Kekeletso Nakeli-Dhliwayo
2 minute read
13 May 2021
8:24 am

Parents should keep kids out of the spats

Kekeletso Nakeli-Dhliwayo

How can fathers, their families and those that cheer them on live with themselves when the money that they pay over in maintenance is so minimal it has no consequence on their lifestyles?

Enhle Mbali outside the Randburg Magristarte's Court after she filed a protection order against Black Coffee. Picture: Screengrab

We may not approve of her venting through social media … but as women who raise children, some of us believe that she has been pushed.

I’m talking about the Black Coffee and Enhle Mbali saga.

Such desperation – where mothers feel the indignity of having to publicly declare poverty in the hope that the coparent comes to the party – is a common occurrence.

How can fathers, their families and those that cheer them on live with themselves when the money that they pay over in maintenance is so minimal it has no consequence on their lifestyles?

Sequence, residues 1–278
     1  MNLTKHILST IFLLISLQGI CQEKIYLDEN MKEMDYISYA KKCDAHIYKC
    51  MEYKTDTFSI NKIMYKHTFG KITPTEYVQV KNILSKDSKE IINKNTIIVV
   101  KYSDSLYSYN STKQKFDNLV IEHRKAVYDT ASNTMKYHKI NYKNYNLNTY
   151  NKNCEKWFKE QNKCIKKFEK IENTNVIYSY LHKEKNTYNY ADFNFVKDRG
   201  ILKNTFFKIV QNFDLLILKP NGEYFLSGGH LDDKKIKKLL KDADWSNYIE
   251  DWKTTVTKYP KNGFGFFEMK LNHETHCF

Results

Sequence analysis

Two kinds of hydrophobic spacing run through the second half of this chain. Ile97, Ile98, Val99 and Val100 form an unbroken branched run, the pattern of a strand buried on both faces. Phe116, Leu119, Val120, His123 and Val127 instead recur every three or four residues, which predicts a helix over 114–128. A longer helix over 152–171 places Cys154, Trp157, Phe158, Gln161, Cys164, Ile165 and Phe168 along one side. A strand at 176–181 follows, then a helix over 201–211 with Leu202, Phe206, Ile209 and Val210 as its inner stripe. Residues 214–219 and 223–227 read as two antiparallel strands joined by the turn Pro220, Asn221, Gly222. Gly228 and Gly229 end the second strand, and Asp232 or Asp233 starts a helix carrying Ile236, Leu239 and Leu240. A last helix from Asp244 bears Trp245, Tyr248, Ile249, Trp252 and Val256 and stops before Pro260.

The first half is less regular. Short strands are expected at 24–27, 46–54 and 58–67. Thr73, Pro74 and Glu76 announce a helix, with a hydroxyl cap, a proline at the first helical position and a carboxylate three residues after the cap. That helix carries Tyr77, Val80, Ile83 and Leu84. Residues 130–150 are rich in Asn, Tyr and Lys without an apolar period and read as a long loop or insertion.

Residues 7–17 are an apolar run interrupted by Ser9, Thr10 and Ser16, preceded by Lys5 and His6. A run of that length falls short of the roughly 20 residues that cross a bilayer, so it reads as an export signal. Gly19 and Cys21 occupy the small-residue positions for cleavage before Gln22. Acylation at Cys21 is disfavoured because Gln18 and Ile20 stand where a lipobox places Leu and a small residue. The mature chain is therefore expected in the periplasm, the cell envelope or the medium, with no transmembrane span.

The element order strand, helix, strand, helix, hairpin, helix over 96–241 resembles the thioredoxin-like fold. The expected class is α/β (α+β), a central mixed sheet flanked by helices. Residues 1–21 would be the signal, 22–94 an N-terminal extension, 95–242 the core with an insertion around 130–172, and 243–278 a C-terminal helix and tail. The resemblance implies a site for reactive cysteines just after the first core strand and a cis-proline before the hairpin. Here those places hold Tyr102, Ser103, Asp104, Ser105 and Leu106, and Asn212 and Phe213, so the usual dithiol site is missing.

This shows how we have become okay with the suffering that has been put before us.

This is nothing more than a society that has accepted that women are meant to suffer, that motherhood should be about a woman who toils beyond even her capacity to prove her love, while the other parent is afforded as much comfort and as many free passes as possible.

Motherhood is nine-odd months of pregnancy, and 12-plus months of the infancy stage with all its hiccups and sicknesses.

I cannot accept that this society of the “enlightened” is okay with this rationale. I do not think I would act any differently in my pursuit for what is just and fair!

How is that the lives of mothers and children whose standard of living is downgraded is explained away as “bitter women who hide behind feminism”?

We need to get to a point in maintenance and divorce matters where dodging responsibility is called out and so are those that perpetuate it.

Parenting is sacrifice, both for the mother and father, but at what point do we agree that fathers are required to contribute their fair share?

If not in emotional and physical labour, then by providing adequate maintenance. Why are we not imploring them to step up in accordance to their responsibility of parenthood?

We should not congratulate men for doing what is needed for their children – nobody congratulates the fish that swims!